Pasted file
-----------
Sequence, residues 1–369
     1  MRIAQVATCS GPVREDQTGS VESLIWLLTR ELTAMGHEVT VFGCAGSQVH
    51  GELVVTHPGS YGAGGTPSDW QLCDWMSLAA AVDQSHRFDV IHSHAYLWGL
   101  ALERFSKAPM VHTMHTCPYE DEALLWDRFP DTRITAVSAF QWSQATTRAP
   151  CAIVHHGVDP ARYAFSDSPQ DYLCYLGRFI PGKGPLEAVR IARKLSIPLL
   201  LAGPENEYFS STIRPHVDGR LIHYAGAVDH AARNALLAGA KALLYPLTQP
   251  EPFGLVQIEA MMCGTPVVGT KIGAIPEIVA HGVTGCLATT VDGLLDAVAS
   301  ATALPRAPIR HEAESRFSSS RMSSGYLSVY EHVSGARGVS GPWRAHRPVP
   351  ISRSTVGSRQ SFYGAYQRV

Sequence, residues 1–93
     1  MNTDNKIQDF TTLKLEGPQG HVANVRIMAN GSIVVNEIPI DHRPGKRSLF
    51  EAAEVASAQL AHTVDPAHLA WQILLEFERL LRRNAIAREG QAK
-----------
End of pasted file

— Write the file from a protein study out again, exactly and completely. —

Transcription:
Sequence, residues 1–369
     1  MRIAQVATCS GPVREDQTGS VESLIWLLTR ELTAMGHEVT VFGCAGSQVH
    51  GELVVTHPGS YGAGGTPSDW QLCDWMSLAA AVDQSHRFDV IHSHAYLWGL
   101  ALERFSKAPM VHTMHTCPYE DEALLWDRFP DTRITAVSAF QWSQATTRAP
   151  CAIVHHGVDP ARYAFSDSPQ DYLCYLGRFI PGKGPLEAVR IARKLSIPLL
   201  LAGPENEYFS STIRPHVDGR LIHYAGAVDH AARNALLAGA KALLYPLTQP
   251  EPFGLVQIEA MMCGTPVVGT KIGAIPEIVA HGVTGCLATT VDGLLDAVAS
   301  ATALPRAPIR HEAESRFSSS RMSSGYLSVY EHVSGARGVS GPWRAHRPVP
   351  ISRSTVGSRQ SFYGAYQRV

Sequence, residues 1–93
     1  MNTDNKIQDF TTLKLEGPQG HVANVRIMAN GSIVVNEIPI DHRPGKRSLF
    51  EAAEVASAQL AHTVDPAHLA WQILLEFERL LRRNAIAREG QAK